Boilerplate – The boilerplate is the final paragraph of a press release, and can be a brief bio about the artist, gallery or business featured in the announcement. The end of the boilerplate is a good place to include a call to action to visit your website. Once you have a solid boilerplate, you can use it to end every press release.
End or Close – A press release should always end with the traditional close symbol “###” (three hashtags) centered at the bottom of the page. Wow, these journalists are so #oldschool, they were using hashtags before hashtags were cool!
How to Make It Newsworthy
Once you’ve got the formatting down, you need to make sure the content passes the “Why should I care?” test. Your release actually has to be considered “news” and not come off as a promotional puff piece that doesn’t benefit the readers. Some of the following tips and topics have worked well for me and for plenty of other artists when trying to get press.
Community Angle – If your news benefits the community in any way, consider it PR gold. This is especially true when it comes to local newspapers. This could be anything from hosting a local workshop, to offering painting lessons, or producing a public work of art.
Entertainment Options – People look to community calendars and events pages to get ideas of enjoyable activities to partake in, so a press release about an upcoming show at a local gallery will usually be published if it’s written and formatted well.
Human Interest – Generally, people want to read about success stories, so any article using a “local artist makes good” angle can be effective. Same goes for interesting artist profiles, or stories about struggle that end in the artist overcoming the odds and reaching a goal that presented a challenge.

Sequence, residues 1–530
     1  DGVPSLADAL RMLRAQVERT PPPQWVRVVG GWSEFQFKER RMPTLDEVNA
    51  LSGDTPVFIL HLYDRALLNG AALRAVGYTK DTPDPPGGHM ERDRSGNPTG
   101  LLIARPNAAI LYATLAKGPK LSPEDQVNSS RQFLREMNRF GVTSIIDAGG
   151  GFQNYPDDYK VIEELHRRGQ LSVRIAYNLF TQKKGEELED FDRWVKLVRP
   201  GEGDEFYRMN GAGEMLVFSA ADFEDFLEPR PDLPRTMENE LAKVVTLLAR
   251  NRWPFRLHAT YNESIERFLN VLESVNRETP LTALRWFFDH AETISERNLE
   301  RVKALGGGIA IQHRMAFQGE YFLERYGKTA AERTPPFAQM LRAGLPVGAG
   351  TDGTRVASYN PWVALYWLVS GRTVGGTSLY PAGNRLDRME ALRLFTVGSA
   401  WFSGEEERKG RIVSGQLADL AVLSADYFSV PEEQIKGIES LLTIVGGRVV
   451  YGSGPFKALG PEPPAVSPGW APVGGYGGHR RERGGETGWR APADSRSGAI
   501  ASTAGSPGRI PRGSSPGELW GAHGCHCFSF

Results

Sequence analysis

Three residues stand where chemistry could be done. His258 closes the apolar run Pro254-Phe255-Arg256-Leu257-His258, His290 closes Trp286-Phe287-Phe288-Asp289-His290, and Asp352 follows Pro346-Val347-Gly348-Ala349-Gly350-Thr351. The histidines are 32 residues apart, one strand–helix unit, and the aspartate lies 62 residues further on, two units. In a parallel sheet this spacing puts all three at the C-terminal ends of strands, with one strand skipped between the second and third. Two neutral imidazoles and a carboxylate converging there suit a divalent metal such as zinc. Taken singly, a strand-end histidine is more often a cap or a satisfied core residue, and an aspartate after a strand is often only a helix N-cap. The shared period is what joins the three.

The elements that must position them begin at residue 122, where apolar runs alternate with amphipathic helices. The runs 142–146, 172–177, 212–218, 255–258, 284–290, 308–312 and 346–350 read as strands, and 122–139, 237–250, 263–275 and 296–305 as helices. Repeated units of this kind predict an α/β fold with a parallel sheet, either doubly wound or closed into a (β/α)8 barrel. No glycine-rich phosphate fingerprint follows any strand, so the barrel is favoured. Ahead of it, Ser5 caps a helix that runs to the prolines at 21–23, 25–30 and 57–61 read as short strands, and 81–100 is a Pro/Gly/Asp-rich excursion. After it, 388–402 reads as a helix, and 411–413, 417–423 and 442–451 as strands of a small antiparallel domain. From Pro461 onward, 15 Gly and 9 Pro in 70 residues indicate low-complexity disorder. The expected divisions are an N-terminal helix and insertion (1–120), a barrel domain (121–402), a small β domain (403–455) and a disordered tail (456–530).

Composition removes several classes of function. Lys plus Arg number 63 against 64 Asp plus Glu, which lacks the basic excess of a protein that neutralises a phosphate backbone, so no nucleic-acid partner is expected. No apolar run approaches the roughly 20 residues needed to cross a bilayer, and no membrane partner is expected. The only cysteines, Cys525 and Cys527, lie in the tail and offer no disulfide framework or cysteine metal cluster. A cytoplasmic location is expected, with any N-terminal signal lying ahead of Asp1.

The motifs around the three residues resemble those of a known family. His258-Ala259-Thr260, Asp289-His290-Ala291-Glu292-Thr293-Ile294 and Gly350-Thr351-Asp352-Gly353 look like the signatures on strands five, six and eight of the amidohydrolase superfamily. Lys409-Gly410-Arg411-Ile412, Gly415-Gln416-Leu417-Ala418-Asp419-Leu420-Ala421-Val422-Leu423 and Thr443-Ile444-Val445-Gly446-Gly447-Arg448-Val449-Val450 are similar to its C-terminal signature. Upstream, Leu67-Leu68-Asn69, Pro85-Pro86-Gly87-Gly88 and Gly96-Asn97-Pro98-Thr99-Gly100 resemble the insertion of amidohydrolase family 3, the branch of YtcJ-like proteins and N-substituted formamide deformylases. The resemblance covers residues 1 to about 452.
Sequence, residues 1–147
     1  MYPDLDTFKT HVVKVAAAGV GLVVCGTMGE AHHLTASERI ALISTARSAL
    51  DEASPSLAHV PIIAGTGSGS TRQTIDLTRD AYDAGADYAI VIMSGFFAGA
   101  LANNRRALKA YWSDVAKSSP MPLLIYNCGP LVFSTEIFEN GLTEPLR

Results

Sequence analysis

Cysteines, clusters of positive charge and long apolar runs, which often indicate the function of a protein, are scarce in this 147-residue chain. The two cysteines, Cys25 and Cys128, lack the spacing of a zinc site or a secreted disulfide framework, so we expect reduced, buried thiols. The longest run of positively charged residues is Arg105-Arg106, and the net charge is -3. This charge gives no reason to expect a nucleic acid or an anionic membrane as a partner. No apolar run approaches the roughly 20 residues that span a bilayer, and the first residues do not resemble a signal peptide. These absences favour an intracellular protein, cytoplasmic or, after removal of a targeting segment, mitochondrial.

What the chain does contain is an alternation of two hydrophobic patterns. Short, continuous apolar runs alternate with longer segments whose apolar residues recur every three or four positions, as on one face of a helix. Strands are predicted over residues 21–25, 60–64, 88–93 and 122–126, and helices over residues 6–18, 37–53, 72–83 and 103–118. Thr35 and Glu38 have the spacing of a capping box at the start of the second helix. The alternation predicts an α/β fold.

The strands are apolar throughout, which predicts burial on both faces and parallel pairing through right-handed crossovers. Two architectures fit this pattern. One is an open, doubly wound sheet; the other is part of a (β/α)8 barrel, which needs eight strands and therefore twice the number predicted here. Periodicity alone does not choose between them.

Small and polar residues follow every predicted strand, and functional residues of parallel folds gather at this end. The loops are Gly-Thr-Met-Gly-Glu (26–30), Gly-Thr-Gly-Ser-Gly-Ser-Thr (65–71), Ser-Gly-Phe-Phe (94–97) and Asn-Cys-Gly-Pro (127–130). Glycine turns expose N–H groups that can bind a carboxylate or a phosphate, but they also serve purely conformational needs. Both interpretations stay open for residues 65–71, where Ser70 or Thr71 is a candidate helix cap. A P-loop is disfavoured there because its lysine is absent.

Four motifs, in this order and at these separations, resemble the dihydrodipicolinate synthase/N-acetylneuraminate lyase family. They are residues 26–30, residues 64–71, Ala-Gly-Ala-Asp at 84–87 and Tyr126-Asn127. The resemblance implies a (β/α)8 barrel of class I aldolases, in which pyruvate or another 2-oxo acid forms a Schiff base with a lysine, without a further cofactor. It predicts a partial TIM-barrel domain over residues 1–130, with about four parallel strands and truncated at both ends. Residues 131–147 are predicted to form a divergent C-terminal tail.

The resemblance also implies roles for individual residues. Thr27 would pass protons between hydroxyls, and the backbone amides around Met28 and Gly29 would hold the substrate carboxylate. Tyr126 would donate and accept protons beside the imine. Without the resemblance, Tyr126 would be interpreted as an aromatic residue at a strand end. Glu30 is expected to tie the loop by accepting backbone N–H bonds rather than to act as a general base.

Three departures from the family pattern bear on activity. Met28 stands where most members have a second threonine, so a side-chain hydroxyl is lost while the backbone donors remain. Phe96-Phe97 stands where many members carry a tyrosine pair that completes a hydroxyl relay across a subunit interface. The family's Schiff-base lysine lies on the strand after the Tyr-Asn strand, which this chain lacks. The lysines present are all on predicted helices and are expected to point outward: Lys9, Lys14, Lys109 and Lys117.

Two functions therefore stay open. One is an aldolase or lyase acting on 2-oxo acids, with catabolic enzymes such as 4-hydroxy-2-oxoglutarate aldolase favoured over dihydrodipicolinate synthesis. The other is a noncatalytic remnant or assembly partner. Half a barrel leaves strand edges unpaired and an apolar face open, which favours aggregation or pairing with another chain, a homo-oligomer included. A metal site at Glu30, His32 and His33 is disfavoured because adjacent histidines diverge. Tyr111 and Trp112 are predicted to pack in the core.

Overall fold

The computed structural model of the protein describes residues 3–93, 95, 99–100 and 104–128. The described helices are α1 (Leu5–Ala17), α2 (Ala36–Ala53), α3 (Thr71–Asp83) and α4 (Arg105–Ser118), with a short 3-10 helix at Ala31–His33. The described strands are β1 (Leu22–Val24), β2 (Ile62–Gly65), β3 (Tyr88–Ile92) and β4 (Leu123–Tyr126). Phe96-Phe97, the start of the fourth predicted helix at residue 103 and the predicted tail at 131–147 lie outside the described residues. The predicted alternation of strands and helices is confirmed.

Truly Newsworthy – Once in a while, you may be involved in a project or event that is so different, innovative or new that it truly is considered “news.” This happened to me when I was invited to partake in the first Pecha Kucha event in the northern California area. I crafted a release with the headline, “Is Pecha Kucha the New Karaoke?” which educated and informed the audience about what Pecha Kucha was and highlighted info about me as the local artist who was taking part in this cool new event.
Writing effective press releases takes plenty of thought and effort. However, once you develop a press-release formula that works, you can simply duplicate that formula and insert the new information rather than having to reinvent the wheel each time.
Try crafting potent press releases for use in your art marketing strategy and watch for a notable surge of interest and opportunities from your offline community.
Visual Aid: View an example of a properly formatted press release that got coverage in several outlets.
Nikolas Allen is a contemporary Pop artist with a background in advertising, music and video production. He is passionate about art and marketing and wrote his first book, “Death To The Starving Artist – Art Marketing Strategies for a Killer Creative Career” to help ambitious artists reach a wider audience. To learn more about the book, visit Death to the Starving Artist.
Image: “Extra! Extra!” ©2013 by Nikolas Allen.